Translation:You should exercise more.
Except maybe the one where Duo killed the hat-selling dog (and like a gajillion grandparents )
That's simply how the "ほうがいいです" construction works; it's preceded by a part tense verb form. To say "you should go to sleep right away" (i.e. "You'd better go to sleep right away"), you would say: すぐにねたほうがいいです
Thanks for clarifying, V2Blast, I wondered about that too. You seem very knowledgeable. What other sources did you use to study Japanese?
I think it represents the order of two events.
したらいいです(past->now) The speaker concludes that based on their experience that it worked for them.
するといいでしょう(now->future) The speaker assumes that based on shared knowledge.
If you are talking with your close friends, the former one is more likely to be accepted as an advice because your experience is reliable.
It also hints that it will take much time to get a good outcome. If you think it won't, you can simply say するといいです(now->now).
Oh, I thought した was past? As opposed to する which is present? Now I'm confused. :(
Yes, actually ほうがいい works with both present and past forms are both grammatically correct and have both the same meaning more or less. I feel like the construction with the past form is more common, but I would not bet on that. To make it into a past scenario, you use the past form of いい in the construction, よかった so it becomes ほうがよかった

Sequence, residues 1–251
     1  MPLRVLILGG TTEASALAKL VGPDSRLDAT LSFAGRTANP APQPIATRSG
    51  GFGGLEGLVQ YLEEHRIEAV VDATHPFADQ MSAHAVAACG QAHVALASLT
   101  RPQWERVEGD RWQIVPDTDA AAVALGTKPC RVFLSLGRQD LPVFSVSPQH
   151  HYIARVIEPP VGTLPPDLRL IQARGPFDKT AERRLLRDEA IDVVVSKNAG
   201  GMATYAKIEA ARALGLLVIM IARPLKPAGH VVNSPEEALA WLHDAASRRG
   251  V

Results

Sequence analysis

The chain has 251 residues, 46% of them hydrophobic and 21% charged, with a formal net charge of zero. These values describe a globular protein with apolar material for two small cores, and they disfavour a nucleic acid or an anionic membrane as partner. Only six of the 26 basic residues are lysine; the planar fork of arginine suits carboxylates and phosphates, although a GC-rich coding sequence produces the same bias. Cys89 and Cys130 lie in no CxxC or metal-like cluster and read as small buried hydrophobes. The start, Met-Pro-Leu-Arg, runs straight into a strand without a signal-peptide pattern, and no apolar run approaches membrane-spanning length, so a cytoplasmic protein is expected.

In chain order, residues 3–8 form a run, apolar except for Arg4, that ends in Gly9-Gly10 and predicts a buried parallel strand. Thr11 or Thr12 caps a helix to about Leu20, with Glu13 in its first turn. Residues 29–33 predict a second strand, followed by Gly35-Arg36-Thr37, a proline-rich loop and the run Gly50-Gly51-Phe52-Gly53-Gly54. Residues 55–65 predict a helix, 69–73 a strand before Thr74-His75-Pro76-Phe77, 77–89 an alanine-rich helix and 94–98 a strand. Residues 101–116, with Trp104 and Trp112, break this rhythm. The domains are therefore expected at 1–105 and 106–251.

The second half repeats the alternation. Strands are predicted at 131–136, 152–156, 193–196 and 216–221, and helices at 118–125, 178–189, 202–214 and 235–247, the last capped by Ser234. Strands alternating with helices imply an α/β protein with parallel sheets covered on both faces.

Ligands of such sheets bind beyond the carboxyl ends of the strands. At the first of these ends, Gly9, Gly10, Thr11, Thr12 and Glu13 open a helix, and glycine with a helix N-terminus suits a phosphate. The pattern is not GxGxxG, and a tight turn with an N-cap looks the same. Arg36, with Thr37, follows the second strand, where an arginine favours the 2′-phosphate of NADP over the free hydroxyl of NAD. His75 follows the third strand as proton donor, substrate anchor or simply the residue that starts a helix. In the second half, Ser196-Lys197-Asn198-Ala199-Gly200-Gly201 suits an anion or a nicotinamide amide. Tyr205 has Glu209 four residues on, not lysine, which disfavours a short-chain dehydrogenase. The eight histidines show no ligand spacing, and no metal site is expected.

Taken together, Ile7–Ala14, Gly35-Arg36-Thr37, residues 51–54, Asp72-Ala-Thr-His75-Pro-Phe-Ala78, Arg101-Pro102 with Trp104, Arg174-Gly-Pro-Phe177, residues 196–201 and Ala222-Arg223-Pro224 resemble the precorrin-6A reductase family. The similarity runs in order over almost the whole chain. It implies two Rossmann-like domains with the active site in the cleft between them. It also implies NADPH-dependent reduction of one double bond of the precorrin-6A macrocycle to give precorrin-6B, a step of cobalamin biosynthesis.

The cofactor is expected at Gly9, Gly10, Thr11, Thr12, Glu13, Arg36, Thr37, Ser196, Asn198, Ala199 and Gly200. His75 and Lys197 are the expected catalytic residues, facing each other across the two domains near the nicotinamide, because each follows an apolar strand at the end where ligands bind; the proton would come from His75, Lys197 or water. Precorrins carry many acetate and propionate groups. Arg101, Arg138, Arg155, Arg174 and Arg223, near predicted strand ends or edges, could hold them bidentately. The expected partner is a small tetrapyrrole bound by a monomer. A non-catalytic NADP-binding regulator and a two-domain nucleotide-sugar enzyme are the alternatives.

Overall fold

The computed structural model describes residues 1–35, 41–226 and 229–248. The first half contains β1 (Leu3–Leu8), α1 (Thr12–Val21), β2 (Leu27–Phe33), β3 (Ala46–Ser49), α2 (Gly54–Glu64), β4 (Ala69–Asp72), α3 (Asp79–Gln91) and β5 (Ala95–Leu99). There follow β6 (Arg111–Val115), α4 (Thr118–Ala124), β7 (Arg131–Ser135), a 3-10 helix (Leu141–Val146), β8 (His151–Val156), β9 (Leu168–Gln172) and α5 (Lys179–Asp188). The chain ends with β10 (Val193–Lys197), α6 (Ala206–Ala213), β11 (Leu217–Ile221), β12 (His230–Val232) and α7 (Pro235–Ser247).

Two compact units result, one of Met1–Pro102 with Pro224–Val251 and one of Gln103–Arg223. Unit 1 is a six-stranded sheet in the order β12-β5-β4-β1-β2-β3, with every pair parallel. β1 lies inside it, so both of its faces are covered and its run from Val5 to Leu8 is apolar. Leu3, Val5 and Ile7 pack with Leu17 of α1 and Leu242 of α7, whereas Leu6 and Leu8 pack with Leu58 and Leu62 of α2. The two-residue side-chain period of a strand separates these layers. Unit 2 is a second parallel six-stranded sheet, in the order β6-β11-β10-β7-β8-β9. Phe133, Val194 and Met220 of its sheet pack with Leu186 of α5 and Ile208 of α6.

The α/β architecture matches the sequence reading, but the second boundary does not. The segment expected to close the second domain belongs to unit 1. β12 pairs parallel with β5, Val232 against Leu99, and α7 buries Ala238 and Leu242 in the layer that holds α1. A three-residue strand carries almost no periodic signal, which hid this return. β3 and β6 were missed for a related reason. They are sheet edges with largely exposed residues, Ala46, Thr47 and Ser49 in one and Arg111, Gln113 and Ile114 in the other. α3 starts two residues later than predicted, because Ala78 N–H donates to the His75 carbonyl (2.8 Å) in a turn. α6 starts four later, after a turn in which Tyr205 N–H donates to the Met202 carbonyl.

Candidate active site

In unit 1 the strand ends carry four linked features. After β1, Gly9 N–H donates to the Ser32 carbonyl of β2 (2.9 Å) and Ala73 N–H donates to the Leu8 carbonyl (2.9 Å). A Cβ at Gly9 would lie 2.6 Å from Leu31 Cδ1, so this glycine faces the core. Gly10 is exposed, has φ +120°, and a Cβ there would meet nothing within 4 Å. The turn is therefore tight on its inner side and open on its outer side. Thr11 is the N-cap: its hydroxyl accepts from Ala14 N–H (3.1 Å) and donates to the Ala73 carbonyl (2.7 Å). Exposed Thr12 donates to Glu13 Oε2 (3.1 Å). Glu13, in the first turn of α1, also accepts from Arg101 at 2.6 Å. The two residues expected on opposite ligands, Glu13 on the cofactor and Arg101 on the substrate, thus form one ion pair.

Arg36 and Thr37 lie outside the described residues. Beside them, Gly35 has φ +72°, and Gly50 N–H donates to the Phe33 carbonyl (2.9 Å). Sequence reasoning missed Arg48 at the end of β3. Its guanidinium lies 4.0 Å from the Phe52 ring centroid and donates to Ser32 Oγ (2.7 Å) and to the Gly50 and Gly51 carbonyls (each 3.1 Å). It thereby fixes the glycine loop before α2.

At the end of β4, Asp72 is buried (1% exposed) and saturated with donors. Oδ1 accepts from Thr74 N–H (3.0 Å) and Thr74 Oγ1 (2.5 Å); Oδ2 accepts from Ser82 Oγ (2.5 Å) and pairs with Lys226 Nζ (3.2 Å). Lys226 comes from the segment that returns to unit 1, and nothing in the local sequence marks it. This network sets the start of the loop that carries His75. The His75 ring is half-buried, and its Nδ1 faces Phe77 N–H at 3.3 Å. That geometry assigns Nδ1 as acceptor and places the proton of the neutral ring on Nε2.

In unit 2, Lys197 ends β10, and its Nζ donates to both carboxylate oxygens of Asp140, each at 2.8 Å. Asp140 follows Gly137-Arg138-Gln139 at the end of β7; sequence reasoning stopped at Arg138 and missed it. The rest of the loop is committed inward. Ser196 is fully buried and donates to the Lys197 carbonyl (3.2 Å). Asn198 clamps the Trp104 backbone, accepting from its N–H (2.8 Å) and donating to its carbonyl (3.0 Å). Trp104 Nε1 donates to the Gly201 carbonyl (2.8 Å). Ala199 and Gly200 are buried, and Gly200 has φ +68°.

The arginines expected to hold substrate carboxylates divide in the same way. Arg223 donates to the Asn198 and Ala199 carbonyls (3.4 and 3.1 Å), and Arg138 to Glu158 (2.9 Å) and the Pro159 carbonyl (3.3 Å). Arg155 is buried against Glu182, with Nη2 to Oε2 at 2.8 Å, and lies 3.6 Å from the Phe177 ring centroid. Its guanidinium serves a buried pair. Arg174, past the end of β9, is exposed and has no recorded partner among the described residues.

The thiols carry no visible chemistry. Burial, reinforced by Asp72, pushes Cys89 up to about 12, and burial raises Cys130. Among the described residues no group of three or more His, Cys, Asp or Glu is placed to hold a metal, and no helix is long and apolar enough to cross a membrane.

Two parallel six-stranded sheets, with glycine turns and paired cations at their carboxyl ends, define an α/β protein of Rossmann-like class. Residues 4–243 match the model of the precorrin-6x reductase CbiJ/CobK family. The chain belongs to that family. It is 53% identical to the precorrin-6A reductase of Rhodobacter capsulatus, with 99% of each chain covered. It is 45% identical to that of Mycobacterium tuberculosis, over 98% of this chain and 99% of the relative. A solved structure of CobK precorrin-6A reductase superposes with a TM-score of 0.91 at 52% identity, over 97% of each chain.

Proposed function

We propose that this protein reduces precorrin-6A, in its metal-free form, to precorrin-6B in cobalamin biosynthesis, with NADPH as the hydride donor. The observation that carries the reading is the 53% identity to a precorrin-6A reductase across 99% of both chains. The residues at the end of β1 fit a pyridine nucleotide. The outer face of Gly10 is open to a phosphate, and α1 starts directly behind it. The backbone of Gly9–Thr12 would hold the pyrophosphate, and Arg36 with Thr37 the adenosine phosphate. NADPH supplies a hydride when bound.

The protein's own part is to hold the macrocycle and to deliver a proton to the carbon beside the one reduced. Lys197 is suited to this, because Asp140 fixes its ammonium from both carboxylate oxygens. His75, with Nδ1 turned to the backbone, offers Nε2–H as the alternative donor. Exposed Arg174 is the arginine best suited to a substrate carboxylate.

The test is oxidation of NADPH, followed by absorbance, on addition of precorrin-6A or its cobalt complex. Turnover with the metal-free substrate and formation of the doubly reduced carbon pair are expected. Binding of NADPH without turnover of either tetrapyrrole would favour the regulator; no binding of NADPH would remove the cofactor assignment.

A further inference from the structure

The dictionary hint for よ is "~you know" but it doesn't accept "You should exercise more, you know."
Can someone explain the grammar aspect of this? Specifically why it is a suggestion/command versus a statement ("it is good to exercise more ")
ほうがいいです means "this way is better" more or less? ほう lets you know a comparison is being made. You can use it for more than better! ほうが速いです would mean "this way is faster" and ほうがおいしいです would mean "this way is more delicious"
I knew both things separately but my mind hadn't made the connection. That helps a lot, thanks !!
The expression ... ほうがいい is actually a comparison. A よりB のほうがいいです (B is better than A). It can be preceded directly by a verb in the plain present or past tense, a noun or pronoun plus の, or a demonstrative ending in の (その). The adjective いい could be replaced by others. そのほうがおいしい / おおきい / たかい です. That is tastier / bigger / higher or more expensive.
When ほうがいい follows a verb, it's used as a kind of recommendation or advice about what to do. You (had) better ... / You should ...: べんきょう (れんしゅう) したほうがいいです. You should study / practice. As to した vs. する, consider that in English we can say: It would be better if you exercise(d). Recommendations can be seen as not just advice to DO something, but as exhortations to get something DONE. The latter is probably a little more emphatic.
They've been translating the yo particle as 'you know' this entire time, and now you get marked wrong for it
"Please take a shower immediately." "Please read many books." "You should excercise more." So now I'm stinky, dumb, and fat. Thanks Duo.
Since personal pronouns are omitted in Japanese, "you" shouldn't be the only valid English translation here...
Wouldn't a better translation be something like "It would be better if you'd exercise more" ?
Is this as potentially offensive in Japanese as its translation is in English?
I think of it as: the way of exercising more is better. Or maybe even more litteral: the way (where you have) exercised more is good. That's where you should take a hint and take it as an advice.